Quest 5.4 released

28 March 2013

Quest 5.4 has now been released, and you can download it now or use it in your browser.

The major new features in this version are the text processor, gamebook scripts and script editor code view. For a full list, see last month’s beta announcement.

Since the beta there have been a few minor enhancements, most notably to the gamebook scripts. There is a new “Text + Script” page type which lets you run a script before displaying the normal gamebook text and options, so you’re not forced to display text and options manually. There are new functions for moving the player between pages, and for adding and removing links.


  • In gamebook mode, when playing a sound there is a new option for the sound to continue playing after the player moves to a different page
  • You can now turn off the automatically generated display verbs list on a per-object basis (contributed by Pertex)
  • New {rndalt} text processor code displays a randomly chosen name from an object's alt list (contributed by Ivor Levicki)
  • With the new-style menus, restored the option to force the player to make a choice from the menu before continuing. (Note this is a breaking change - previously compiled games for Quest 5.4 Beta will continue to work, but to compile against the new library you will need to set the value for the new parameter)
  • New function to output text without a line break at the end

As always, if you have any questions or problems, please let me know - you can email me [email protected] and you can find me on Twitter @alexwarren.

QuestComp 2013

13 March 2013


Update 18th March - now with prize money!

It’s officially the first unofficial Quest competition!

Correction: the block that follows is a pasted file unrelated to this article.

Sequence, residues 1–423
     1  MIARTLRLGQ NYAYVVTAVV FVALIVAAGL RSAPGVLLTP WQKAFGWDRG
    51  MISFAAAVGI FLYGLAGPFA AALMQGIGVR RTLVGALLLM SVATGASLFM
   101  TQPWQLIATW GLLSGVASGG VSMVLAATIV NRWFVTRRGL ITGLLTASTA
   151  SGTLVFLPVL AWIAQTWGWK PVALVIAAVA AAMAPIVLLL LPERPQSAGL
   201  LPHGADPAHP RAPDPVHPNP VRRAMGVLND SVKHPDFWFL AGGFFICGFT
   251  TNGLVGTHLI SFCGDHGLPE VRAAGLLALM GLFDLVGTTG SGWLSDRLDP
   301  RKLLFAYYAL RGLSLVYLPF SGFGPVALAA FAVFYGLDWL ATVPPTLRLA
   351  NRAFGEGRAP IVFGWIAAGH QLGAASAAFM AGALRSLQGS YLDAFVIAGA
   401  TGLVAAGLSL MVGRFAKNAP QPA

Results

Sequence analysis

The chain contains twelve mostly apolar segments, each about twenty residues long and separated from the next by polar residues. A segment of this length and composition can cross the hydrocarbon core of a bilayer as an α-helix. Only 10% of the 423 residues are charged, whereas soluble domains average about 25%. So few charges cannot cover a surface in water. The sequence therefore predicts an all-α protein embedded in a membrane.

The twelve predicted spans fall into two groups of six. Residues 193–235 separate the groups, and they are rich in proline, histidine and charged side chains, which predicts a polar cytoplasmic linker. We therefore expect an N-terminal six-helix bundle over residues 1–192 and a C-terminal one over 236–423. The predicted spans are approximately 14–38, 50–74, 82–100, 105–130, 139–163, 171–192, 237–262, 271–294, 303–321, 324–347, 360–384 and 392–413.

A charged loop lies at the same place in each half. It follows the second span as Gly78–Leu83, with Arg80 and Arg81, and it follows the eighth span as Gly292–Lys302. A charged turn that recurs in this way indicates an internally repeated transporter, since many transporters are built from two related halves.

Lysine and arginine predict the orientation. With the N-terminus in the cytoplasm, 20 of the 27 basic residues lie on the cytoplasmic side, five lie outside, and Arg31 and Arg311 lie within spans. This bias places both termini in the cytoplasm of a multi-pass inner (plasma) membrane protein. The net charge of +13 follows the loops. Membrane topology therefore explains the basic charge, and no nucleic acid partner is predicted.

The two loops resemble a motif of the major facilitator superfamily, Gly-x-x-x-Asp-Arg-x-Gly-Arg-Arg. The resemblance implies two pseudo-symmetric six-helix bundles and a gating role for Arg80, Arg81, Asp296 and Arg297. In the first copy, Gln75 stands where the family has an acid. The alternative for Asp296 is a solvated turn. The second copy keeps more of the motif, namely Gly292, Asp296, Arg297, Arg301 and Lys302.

Over on the forums, various people have got together to organise QuestComp 2013 - a competition to use Quest to create a text adventure game around the theme of “Plague”.

Evan Williams a.k.a TriangleGames is organising the competition, and there are no prizes except for the glory of winning thanks to Phillip Zolla for sponsoring a first prize of £100.

If you intend to enter, please email Evan by March 31st - full details on the rules, competition timetable and how to enter are at the QuestComp 2013 page.

Thanks also to Scott Greig for the interesting logo, which I hope I’ve got the right way up.

"First Times" - a horror text adventure for iPhone, iPad, Android

13 March 2013

The horror text adventure First Times, by Hero Robb, is now available as a free app.


You awaken in a morgue with no memory of how you arrived. Journey deeper into your fears, regrets, and doubts as you explore the ruins of what appears to be a hospital. Can you survive a psychological trip through a nightmarish dreamscape? But then again, dying is a far cry from the most frightening thing that you will face.

There are four endings. These are your first times. Open your eyes...

Here’s what some players have said so far…